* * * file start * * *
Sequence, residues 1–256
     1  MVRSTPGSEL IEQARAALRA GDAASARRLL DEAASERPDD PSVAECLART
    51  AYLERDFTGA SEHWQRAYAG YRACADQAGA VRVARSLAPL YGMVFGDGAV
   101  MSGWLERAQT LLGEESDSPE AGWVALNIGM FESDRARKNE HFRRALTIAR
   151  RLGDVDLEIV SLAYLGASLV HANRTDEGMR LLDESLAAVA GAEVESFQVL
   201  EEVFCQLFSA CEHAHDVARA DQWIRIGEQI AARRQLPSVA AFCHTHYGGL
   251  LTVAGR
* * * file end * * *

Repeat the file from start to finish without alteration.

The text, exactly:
Sequence, residues 1–256
     1  MVRSTPGSEL IEQARAALRA GDAASARRLL DEAASERPDD PSVAECLART
    51  AYLERDFTGA SEHWQRAYAG YRACADQAGA VRVARSLAPL YGMVFGDGAV
   101  MSGWLERAQT LLGEESDSPE AGWVALNIGM FESDRARKNE HFRRALTIAR
   151  RLGDVDLEIV SLAYLGASLV HANRTDEGMR LLDESLAAVA GAEVESFQVL
   201  EEVFCQLFSA CEHAHDVARA DQWIRIGEQI AARRQLPSVA AFCHTHYGGL
   251  LTVAGR